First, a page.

Thursday, November 23, 2017

Changes in approach alters Japanese investors' outlook on Bangladesh

  • Senior Correspondent
    Published: 2017-08-08 23:10:13 BdST


The Japanese investors' outlook on Bangladesh has been changed following the changes of the government’s approach to present the country to the world.

"Bangladesh was not in the list of top 20 destinations, but now the Japanese investors who operate in the region rank Bangladesh as the 13th preferable destination," Syed Nasim Manzur, a former president of Metropolitan Chamber of Commerce and Industry, said.

“If Japanese investors come, others will follow,” he said at a press briefing on Tuesday organised by the state-owned Bangladesh Investment Development Authority (BIDA).

The briefing followed the BIDA-organised Bangladesh-Japan business-to-business conference in Singapore on Aug 3-4 when a big delegation comprising both public and private sectors participated to showcase the country.

Thirty-eight Japanese as well as 24 Singaporean companies joined 55 Bangladeshi companies in the event.

BIDA Executive Chairman Kazi M Aminul Islam said that "this showcasing was different than others."

“Usually we want what others can offer to us. This time we made the offer; we showed what we could offer to them,” he said.

Singapore is the economic hub for the big companies of the region. It is also the third largest financial centre. It usually ranks either number one or two in the World Bank’s 'ease of doing business' ranking.

BIDA organised the conference focusing the Japanese businesses who are active in the South Asia and Southeast Asian countries with their base office in Singapore for the region. They also met the Singapore business giants.

Both private and public sectors hailed the conference as a “success”. Other than relying on non-resident Bangladeshis, BIDA this time took local giants to the conference to present the country.

“This time we have seen a huge qualitative change in hosting such events,” Nasim Manzur, managing director of Apex Footwear Limited, said.

He said the target was to lure the Japanese companies who are already present in the region. “They’ll think about Bangladesh. Those who did not come out of Japan yet, they will not think about Bangladesh”.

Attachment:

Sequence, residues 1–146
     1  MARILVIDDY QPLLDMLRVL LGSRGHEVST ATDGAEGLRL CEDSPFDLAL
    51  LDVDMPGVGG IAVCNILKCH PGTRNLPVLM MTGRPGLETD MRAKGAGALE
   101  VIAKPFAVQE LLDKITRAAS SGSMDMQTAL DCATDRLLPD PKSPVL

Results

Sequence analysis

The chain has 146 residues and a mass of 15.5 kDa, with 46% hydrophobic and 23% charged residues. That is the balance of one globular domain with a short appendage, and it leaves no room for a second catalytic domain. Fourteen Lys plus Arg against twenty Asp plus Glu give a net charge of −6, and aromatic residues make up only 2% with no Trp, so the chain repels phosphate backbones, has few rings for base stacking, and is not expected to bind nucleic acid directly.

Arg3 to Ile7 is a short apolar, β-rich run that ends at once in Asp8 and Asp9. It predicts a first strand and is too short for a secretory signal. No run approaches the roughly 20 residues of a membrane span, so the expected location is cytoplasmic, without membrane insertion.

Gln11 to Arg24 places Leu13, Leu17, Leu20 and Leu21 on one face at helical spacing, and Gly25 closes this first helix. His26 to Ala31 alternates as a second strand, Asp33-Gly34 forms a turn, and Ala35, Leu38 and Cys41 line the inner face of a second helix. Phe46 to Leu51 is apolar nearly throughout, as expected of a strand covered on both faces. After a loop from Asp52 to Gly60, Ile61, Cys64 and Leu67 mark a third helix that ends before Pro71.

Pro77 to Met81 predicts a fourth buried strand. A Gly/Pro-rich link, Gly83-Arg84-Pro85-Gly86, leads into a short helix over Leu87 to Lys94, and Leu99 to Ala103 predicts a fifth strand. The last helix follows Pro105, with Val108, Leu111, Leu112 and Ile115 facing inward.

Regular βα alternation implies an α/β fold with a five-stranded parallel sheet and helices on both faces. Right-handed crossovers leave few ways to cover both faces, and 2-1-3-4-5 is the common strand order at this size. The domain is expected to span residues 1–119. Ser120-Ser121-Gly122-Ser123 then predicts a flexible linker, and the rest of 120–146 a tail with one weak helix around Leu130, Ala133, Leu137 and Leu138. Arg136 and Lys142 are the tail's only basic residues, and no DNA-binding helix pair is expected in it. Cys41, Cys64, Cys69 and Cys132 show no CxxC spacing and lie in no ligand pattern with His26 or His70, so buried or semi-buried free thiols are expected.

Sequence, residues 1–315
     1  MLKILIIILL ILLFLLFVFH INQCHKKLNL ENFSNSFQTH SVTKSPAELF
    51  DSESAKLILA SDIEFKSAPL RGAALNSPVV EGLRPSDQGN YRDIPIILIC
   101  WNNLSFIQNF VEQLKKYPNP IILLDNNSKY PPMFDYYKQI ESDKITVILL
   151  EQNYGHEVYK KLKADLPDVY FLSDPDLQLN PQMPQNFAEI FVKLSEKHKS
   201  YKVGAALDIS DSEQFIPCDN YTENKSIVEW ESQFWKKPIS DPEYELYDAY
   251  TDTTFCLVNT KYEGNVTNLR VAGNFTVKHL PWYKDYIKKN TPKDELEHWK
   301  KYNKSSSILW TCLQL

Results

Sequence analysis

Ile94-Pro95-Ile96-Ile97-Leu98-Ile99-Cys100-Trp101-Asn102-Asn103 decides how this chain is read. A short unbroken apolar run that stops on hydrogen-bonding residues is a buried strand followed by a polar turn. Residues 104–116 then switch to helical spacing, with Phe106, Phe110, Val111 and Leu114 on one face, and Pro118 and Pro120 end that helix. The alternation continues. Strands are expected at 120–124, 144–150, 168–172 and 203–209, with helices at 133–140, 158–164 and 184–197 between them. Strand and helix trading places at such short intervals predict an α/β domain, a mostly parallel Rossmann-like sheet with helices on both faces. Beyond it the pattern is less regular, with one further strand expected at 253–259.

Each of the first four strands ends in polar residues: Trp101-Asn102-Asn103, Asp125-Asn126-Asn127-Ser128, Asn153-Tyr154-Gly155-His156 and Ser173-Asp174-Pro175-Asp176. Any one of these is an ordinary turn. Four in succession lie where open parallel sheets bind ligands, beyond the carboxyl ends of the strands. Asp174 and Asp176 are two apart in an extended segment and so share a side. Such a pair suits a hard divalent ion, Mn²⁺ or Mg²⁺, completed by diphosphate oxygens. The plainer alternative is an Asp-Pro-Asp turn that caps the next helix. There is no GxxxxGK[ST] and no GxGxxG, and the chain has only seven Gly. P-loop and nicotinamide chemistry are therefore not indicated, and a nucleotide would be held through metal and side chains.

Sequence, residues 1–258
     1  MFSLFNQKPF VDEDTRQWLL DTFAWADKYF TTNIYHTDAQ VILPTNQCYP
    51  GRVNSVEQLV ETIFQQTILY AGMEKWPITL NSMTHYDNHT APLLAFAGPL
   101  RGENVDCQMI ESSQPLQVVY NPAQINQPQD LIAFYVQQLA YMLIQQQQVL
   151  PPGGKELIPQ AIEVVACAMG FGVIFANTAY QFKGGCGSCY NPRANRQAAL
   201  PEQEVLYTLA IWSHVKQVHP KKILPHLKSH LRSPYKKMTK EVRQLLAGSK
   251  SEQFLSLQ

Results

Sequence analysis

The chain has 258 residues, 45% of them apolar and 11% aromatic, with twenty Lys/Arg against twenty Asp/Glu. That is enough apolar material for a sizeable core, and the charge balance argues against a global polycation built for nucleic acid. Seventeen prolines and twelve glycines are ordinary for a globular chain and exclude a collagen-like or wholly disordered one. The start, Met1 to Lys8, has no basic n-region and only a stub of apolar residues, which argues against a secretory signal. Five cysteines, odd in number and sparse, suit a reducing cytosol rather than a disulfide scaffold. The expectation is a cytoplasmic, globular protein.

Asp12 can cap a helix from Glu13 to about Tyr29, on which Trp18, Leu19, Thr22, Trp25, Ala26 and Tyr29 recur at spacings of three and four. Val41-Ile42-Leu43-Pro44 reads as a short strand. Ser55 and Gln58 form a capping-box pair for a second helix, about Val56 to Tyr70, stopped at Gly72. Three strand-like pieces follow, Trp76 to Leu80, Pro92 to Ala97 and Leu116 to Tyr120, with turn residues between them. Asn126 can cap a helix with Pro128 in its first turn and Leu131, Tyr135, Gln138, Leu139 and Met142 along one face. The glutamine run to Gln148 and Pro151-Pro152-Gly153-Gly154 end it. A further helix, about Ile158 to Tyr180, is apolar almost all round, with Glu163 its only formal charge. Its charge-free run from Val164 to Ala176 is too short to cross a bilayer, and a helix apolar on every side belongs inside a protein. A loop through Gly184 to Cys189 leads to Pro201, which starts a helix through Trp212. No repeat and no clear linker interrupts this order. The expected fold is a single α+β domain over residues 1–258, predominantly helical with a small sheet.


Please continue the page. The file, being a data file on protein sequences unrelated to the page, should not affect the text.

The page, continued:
“It was compact, focused discussion. All were decision makers,” he said, adding that the presence of the Japan External Trade Organization (JETRO) was heavily felt in the conference.

Among the South Asian countries, the presence of Japanese industries is fewer in Bangladesh.

Manzur said the conference served as a “first step” to remove the fear in Bangladesh following the July 1 terrorist attack in which seven Japanese were killed, among others.

Abul Kalam Azad, Chief Coordinator for Sustainable Development Goals (SDG) Affairs in the Prime Minister's Office, said two Japanese investors are already in the city following the meeting.

He said they set up a Japan-Bangladesh Public Private Forum two years ago. “Last November, we could not hold a meeting in Dhaka due to July 1 Holey Artisan Café attack. So this time we took our products and offered to them”.

BIDA also found growing interest of Singaporean investors in Bangladesh.

As a next step of the conference, it says, they have decided to strengthen the partnership with the investors, facilitate Japanese foreign direct investments and economic zone.

They will also implement the 'doing business' reform actions set before by BIDA to secure a place below 100 of the World Bank’s 'ease of doing business' ranking by 2021.

Bangladesh is currently ranked 176th among 190 countries in the ranking.

The BIDA executive chairman said they also visited Nanyang University and had seen industrial development areas in Singapore.

“We learnt from their expertise,” he said, adding that soon they would sign a MoU with Singapore.

Apart from traditional bilateral businesses, he said, they would also focus on trilateral cooperation centring Singapore as the Southeast Asian country is the major business hub in the region.

President of Dhaka Chamber of Commerce of Industry (DCCI) Abul Kasem Khan said Japan invested $20 billion in six ASEAN countries including Philippines, Malaysia, Thailand, Singapore, India and Vietnam as they are looking for new destinations to take their investments out of China.

He suggested engaging the private sector in all government’s policy making process and bodies to expedite the process of reforms.